Just one post away from fame.
Genre: Y/A, Contemporary
No. of pages: 384
Rachel Ettinger has flown under the radar for most of high school, exactly as planned. She’d rather focus on getting to New York City, where being the arty playwright is a bonus, not a drawback. Her googly-eyed crush on Kyle Bonham is embarrassing but unimportant. After all, there’s no way she’d ever end up with the King of Apple Prairie High, anyway.
Kyle does make a grease-splattered Burger Barn uniform look dreamy. But aside from flipping patties – and riding the tide of steady drama from his on-again, off-again girlfriend – everything about his life is fairly predictable.
So when Rachel’s jokey picture of Kyle winds up going viral, they’re both taken by surprise. Suddenly Kyle is insta-famous and everyone on the planet knows about Rachel’s silly crush… including Kyle.
Just as they think their lives couldn’t get any more complicated, their fifteen minutes of fame spirals out of control. And what starts out with an innocent photo becomes a whirlwind adventure full of fangirls, haters, and French-fry bouquets that forces them both to question whether fame – and love – is worth the price.
This was just the cute contemporary I thought it was going to be – but had much more substance than I anticipated. ‘#famous’ deals with themes around social media, instant fame, bullying, and that awkward coming of age moment in life when your morals are tested, and embarrassment can come from just about anything. Parents, socio-economic status, fashion, your body, ooof the list goes on…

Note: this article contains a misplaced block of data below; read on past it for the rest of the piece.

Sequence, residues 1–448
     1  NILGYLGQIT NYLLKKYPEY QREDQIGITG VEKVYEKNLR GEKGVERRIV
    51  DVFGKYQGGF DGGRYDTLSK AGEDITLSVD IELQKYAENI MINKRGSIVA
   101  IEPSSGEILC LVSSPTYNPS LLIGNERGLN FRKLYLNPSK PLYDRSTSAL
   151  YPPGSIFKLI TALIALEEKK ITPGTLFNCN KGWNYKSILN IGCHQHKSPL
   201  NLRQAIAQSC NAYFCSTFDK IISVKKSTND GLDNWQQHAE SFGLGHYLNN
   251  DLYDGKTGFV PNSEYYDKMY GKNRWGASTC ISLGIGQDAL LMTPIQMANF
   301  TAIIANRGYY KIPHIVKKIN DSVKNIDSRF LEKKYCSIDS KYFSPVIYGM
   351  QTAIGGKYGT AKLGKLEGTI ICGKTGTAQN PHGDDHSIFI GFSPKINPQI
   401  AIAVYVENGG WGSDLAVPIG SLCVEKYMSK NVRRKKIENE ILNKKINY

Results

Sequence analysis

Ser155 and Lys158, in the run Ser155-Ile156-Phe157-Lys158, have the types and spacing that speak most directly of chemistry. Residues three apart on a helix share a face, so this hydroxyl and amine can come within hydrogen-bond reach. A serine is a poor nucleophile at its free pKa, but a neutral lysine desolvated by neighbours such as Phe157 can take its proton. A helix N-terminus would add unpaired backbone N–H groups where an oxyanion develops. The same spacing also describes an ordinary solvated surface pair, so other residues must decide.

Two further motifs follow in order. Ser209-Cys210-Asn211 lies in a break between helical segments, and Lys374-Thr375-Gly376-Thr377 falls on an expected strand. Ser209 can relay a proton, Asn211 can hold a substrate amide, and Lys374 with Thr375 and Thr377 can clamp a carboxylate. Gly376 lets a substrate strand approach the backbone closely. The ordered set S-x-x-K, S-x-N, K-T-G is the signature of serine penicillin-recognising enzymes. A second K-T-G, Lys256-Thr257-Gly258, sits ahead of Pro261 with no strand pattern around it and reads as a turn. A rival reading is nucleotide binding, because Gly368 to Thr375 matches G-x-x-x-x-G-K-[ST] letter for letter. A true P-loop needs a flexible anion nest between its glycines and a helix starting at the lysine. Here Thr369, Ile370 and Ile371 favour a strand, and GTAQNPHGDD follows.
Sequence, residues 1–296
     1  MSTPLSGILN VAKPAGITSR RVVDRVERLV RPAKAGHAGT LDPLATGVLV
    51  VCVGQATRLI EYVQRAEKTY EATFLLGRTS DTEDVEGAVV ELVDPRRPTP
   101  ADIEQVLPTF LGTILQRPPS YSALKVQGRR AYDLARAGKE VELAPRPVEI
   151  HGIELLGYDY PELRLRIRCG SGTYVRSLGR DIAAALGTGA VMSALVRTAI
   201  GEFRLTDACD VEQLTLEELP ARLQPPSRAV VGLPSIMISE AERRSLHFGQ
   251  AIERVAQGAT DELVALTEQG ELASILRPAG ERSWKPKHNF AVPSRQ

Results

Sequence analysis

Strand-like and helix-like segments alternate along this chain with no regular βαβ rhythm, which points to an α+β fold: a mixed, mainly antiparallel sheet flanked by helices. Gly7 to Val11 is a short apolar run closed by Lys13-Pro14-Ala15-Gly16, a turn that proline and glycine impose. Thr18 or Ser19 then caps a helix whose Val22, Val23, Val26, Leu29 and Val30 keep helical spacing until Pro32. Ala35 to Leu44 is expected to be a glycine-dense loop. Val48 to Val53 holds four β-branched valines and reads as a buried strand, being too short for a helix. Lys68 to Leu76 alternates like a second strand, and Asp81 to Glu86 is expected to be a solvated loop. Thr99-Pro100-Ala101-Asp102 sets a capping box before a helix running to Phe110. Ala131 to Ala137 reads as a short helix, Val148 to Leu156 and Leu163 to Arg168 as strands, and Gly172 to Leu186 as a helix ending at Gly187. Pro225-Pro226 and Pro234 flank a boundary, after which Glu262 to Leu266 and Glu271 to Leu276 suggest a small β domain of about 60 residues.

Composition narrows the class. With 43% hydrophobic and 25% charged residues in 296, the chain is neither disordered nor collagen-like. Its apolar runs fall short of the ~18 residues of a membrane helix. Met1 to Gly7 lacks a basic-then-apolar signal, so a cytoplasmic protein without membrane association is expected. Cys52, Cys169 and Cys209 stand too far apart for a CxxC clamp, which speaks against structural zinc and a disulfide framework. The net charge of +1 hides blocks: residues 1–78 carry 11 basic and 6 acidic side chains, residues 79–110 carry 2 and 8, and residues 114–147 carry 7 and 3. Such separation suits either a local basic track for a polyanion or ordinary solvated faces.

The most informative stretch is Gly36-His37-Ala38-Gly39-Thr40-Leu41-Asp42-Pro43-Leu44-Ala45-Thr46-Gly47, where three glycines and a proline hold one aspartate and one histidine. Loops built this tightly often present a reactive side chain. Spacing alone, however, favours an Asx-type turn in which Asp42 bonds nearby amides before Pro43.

I felt this was an intelligent contemporary shedding light on issues that youth today face in the advent of social media and how strong a roll trolls, peers, and media fame impact on individuals, families, and the opportunities they can present to the right promotion-savvy person.
Told in alternating perspectives in each chapter between popular, gorgeous, star jock, Kyle; and artistic, fringe-dweller, Rachel. Jilly Gagnon gives some great character portraits for both the leads, they are both confident and insecure in varying degrees that was both endearing and believable.
The main plot is predictable, but the storytelling is anything but. I loved Gagnon’s writing style, the comedic timing, the charismatic cast, and underlying themes. ‘#famous’ is definitely the first contemporary to surprise me in this manner in quite a while. The pacing is pretty good, mainly due to the shorter chapters and switching perspectives… and they don’t just tell the opposite side of the story on the same scene – they have their own separate arcs that twist and bump into each other. Their tones are completely different.
We get some great supporting characters and the family of both of our leads have a strong presence in the story. Though the story is simple, it has charm and interest and I would happily recommend this to anyone who loves a light contemporary.
Overall feeling: Sweet. Adorable
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